Photo courtesy of Unemployed Philosophers Guild

Gift Shop Plus Fall 2022
Meet the Maker: Unemployed Philosophers Guild By Debbie Eisele

Unemployed Philosophers Guild appreciates big thoughts that can inform funny, simple gestures

The Unemployed Philosophers Guild (UPG) is a gift company known for its intellectual, yet humorous, gifts. Thirty-three years ago, UPG was founded by brothers, Stephan and David Shaw after college graduation when they were disappointed with career options.

The brothers decided to earn money by creating clay earrings that were called East and West Germany. The earrings could be worn in either ear, or together in one ear. The Shaws sold the earrings for $5 on a SoHo street corner and were very successful.

Over the years, the brothers created more products including pins, pillows and more that incorporate beauty and history. “UPG seeks to share beautiful and fun ideas, in science, art, philosophy and literature through a wide selection of original products,” Trudi Bartow, director, sales and marketing for UPG, said. Today, UPG sells hundreds of items, both domestically and internationally.

“At the heart of our business is a small (11 people!) office we call the Ivory Tower — in literal terms, it’s a humble second-floor walkup with skylights and a friendly office dog named Vector,” Bartow described. “We’re a motley crew of overeducated misfits with passions for art history, film, journalism, theater, comedy, philosophy, and business who pool our passions into creating products that amuse, delight and spark curiosity.”

Typically, products are conceptualized during weekly meetings, which are held “around the large table in the back of the Ivory Tower,” according to Bartow. A majority of those meetings are “dross,” yet are filled at times with laughter, silence and sometimes a new product!

“For every product that comes out, we have 100 that don’t,” she detailed. “Often people suggest products and personalities to us that we should add to our line, but it’s very rare that we hadn’t thought of it already!”

UPG offers over 25 product lines, and the most popular line is the transforming mugs. The designs on the mugs morph once hot beverages are poured into them. For instance, the Climate Change Mug shows how the earth transforms to future predictions of sea level change, once a hot beverage is added. Another example is the Constellation Mug — a sky of stars changes into a series of constellations once hot liquid is added. There is even a Dinosaur Mug that transforms from a design of living creatures to one of dinosaur skeletons.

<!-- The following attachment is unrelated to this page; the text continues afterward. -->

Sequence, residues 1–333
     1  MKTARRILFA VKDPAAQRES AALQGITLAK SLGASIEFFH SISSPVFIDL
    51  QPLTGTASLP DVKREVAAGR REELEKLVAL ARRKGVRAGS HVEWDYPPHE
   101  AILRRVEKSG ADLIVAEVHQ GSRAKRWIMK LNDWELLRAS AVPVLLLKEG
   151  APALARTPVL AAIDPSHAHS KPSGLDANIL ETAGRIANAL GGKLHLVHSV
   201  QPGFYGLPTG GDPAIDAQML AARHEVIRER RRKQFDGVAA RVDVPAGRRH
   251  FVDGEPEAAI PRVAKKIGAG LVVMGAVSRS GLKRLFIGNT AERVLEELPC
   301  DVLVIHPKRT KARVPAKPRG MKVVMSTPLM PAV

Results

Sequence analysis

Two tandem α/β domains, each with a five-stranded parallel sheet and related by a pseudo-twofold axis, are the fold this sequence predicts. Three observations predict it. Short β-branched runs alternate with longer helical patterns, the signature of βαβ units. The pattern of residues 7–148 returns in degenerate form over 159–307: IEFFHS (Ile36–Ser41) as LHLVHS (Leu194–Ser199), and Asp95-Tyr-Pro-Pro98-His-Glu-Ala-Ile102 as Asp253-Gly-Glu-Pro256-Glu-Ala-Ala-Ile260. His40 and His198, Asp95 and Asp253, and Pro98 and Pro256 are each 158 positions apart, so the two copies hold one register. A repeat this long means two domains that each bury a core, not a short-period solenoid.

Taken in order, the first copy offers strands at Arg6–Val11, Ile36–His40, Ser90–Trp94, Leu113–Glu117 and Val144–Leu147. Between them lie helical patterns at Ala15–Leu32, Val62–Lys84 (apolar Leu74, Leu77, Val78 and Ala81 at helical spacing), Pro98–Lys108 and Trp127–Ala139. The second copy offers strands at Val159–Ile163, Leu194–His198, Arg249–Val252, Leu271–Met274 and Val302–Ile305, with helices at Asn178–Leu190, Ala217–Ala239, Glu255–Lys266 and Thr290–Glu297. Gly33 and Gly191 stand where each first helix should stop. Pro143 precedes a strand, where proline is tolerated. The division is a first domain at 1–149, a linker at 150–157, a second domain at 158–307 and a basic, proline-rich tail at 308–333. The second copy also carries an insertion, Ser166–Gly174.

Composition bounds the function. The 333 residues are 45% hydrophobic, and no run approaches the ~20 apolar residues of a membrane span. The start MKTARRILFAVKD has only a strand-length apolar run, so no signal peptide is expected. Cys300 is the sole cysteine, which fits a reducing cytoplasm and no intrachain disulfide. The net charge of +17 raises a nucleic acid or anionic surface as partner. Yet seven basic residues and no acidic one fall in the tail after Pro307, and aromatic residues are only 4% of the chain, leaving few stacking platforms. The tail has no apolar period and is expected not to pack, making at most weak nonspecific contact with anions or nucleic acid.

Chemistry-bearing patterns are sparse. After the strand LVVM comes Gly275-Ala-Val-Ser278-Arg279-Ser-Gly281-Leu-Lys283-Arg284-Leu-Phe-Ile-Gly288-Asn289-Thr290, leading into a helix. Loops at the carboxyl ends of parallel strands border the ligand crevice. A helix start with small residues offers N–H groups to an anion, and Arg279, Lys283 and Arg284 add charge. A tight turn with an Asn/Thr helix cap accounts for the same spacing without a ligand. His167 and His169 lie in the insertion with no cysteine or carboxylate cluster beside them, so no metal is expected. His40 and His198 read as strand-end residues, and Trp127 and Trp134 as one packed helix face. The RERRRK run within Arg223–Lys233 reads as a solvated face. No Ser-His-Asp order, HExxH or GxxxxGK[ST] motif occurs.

The heat-transforming mugs are a cornerstone of UPG’s business. Additionally, the Constellation, Dinosaur and Butterfly Mugs are popular designs. Within the Secular Saint Candles, James Baldwin and Edgar Allan Poe are favored. Plus, UPG shared that its Mister Rogers and Bob Ross collections are consistently great sellers along with Rosie the Riveter products, finger puppets, pins, mint tins and more.

UPG’s Magnetic Personality Finger Puppets, which feature historical and fictional figures such as Plato, Emmanuel Kant, Maya Angelour, Cthulhu, Frida Kahlo and William Shakespeare, are very popular.

The 2 oz. scented soaps feature humorous wrappers, such as Lady Macbeth’s “Out Out Damn Spot Guest Soap,” and “Freud’s Wash Fulfillment Soap,” amongst others. Bartow noted these items make great “impulse purchases and stocking stuffers.”

“We are always happy to offer products featuring perennial favorite Frida Kahlo, whose popularity makes her a perfect figure for a wide range of businesses, from bookshops to museums, and florists to art supply stores,” she explained.

Bartow suggests that retailers use UPG’s Ivory Tower or the category displays, which are made in the USA. Additionally, she recommends grouping items by theme, product, subject or personality.

“Oftentimes, we find featuring a doll or finger puppet with a corresponding theme gives the display that touch of whimsy that draws customers in,” she said.

Additionally, UPG offers displays for specific product lines such as its soaps, hair pins, notebooks and other merchandise. The display units help display the UPG brand in a “harmonious way with (a) customer’s store.”

UPG fans run the gamut from “fellow scholastic nerds to the casual customer looking for a huggable Albert Einstein doll,” according to Bartow. “We love to embed a little thought in unassuming places, like Freud in a pair of Freudian Slippers. From Socrates to Mister Rogers and Bob Ross to the silly antics of Monty Python, we appreciate the big thoughts that can inform funny and seemingly simple gestures.”

“We regularly make sure to take a break from pondering ‘the Good’ in order to do some good,” Bartow shared. Every year, UPG contributes over $100,000 to a variety of charities and organizations. “This is all done through either product donations (like gift bags and pledge incentives), sponsorships of cultural events or through direct financial contributions,” Bartow emphasized. Some of the well-known organizations that UPG supports include: World Central Kitchen, Doctors Without Borders, Planned Parenthood and more. For a full list of organizations UPG supports, visit

Debbie Eisele

Debbie Eisele is the former managing editor for Gift Shop Plus, Stationery Trends and a variety of special issue publications, including: The Guide, Holiday Shop, Celebrations & Occasions and Waterfront Living.

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